Is It Safe To Gnaw Through The Straps Now? (ericcoleman) wrote,
Is It Safe To Gnaw Through The Straps Now?


eeknight put a link to the top ten rookie writer mistakes in his LJ this morning. That reminded me of something on Tom Robinson's website.

1) Playing solo, you can’t rely on killer beats or sheer gut-thumping volume to convince the unconverted. Alone and exposed on an emotional tightrope (with no safety net) you have to win people over with guile, great tunes and sheer force of personality. We need all the help we can get. Watch other performers - steal their techniques or learn from their mistakes. And visuals, presentation, lighting - even the seating plan - all drastically affect the way your performance is perceived by an audience: much more so than with bands. Put in enough thought, preparation and commitment, and you’ll wipe the floor with the opposition every time.

2) Create your space. Choose an area on the stage where you can see - and be seen by - the whole room. If there’s no stage, mark out your performing area on the floor with a line of black gaffa tape. And always carry your own black gaffa tape. Move all unnecessary guitar cases, beer crates, mike stands etc. out of the way to give you a clear working area of floor space. Also, move any chairs and tables in the venue closer together and nearer to the stage. You always get the best audience response when people are a) comfortable b) close to you and c) close to each other.

3) Getting the setting. Buy ten metres of thin lightweight black fabric for at your local department store - it’ll cost about 30 quid. Cut it into four and hang it along the back wall of your stage, covering all the usual scuzzy, gaffa-flecked wallpaper. A black backdrop absorbs stray light and looks instantly professional: watching the stage, an audience sees you and nothing else.

4) It may sound obvious, but point the stage lights at where you’re standing. Remove all the dusty mauve and crinkly green filters, and either use white light or (better still) carry crisp new filters of your own. Lighting gel is absurdly cheap and makes a huge difference to the way your show looks. Try Lee 103 (straw) for warm front lighting, or Lee 181 (congo blue) with 1kw lamps for deep atmosphere. For a stockist, call Lee Filters on 01-264-366-245.

5) Carry your own Shure Beta 58 mike and use it always. I can’t recommend these highly enough - clear, crisp and loud with unbeatable feedback rejection. However crap the PA is, a decent mike gives you a fighting chance. You’d spend half a grand on a decent guitar or keyboard, why not a couple of hundred on your voice ? And no, I don’t have an endorsement deal with Shure.

6) Even small PAs can be drastically improved by “tuning” them to the room. Most systems feed the front-of-house desk output through a 31 band graphic equalizer for this purpose. If possible, get to the gig early, take your mike out into the middle of the room and send it through through a flat (no EQ) channel on the desk. If the PA sounds reasonably hi-fi, you’re home and dry. But if (more likely) it sounds muffled and boomy, you’ll need all your tact and diplomacy to get your hands on the house graphics. Boost each frequency in turn - talking down the mike - until you find all those nasty ringing overtones (160 hz is a common culprit). Work by subtly subtracting ugly frequencies, rather than boosting the sweet ones. A well tuned PA is more important than any amount of flashy reverb, delays or compression.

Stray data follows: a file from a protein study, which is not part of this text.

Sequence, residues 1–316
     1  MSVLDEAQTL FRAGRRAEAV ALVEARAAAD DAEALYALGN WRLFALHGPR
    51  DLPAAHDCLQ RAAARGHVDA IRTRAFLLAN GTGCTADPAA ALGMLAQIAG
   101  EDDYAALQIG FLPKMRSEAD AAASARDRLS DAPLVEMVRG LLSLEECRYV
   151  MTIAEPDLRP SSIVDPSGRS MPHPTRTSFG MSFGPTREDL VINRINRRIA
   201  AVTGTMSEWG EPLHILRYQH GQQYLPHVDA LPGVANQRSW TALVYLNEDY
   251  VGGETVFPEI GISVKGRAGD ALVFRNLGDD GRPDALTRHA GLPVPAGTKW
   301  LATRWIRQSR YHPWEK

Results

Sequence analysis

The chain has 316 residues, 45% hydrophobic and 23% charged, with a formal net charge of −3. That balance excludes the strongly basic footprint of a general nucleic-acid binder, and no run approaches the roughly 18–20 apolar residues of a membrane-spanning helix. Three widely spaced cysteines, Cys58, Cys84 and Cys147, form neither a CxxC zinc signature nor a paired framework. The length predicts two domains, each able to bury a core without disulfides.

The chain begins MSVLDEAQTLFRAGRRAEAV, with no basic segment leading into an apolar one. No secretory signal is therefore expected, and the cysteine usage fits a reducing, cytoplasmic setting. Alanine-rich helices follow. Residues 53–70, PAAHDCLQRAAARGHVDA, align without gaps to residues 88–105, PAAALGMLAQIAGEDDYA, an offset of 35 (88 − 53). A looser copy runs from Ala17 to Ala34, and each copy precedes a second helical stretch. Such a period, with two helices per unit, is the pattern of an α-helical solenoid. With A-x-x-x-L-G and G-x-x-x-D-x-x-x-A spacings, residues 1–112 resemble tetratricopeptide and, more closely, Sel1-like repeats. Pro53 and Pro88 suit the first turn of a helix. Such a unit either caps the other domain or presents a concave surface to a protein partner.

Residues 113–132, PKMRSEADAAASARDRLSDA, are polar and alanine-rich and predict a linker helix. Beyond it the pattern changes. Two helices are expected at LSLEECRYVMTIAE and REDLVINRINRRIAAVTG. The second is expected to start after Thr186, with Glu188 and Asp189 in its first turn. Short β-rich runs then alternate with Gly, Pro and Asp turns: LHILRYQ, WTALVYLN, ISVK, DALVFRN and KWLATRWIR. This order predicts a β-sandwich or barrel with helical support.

7) Shoot the monitor engineer. Seriously, there are far more foldback systems in the world than good engineers (and most of those end up behind front of house desks). Result: with cheap PAs at small gigs, your monitors are almost guaranteed to sound like shite. If they’re unbearable at soundcheck, they won’t improve by showtime. Don’t be afraid to turn them off, move the PA speakers back and inwards - and listen to the front of house sound instead. The monitor dickhead will tell you this “causes feedback”. It won’t.

8) Mixing it. If you’re serious about your front of house sound but can’t afford your own engineer, consider doing it yourself. What’s there to mix - your voice, your instrument & maybe a bit of reverb ? Carry a little Mackie or Spirit Folio and do it all yourself from on stage. If it sounds good to you, chances are it’ll sound good to the audience. Ultimately, though, there’s no substitute for a great sound engineer of your own. When you finally find one you like and get on with, hang on to her (or him) for dear life.

9) Even if the venue’s half empty or stuffed with drunks at showtime, don’t write off your audience in advance. Perform with style and dignity for anybody out there who’s interested and listening, even if you can’t see them. Acknowledge it when someone claps, joins in, or laughs at one of your jokes - a little flicker of applause needs nurturing, fanning, feeding. Look over to where it came from and grin, wink, bow ironically. In years to come, people will come up and say they first saw you at the Turd & Bogbrush in 1999. Even gigs that feel like a complete disaster can win you lifelong fans.

10) Anything you do, do big. Don’t be feeble or apologetic. Take possession of your performing area, own it, fill the space. Who the hell wants to watch something half-hearted ? The world is not waiting for another sensitive songwriter to perch on a stool, pick lifelessly at an acoustic guitar and warble inaudible platitudes about man’s inhumanity to man. The essence of great performance is energy, passion and total commitment, whether you’re Suzanne Vega or Henry Rollins. You don’t have to be note perfect, or even massively talented, to pull it off. But whatever you do, it does need to be very, very real.

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  • So yeah, that thing

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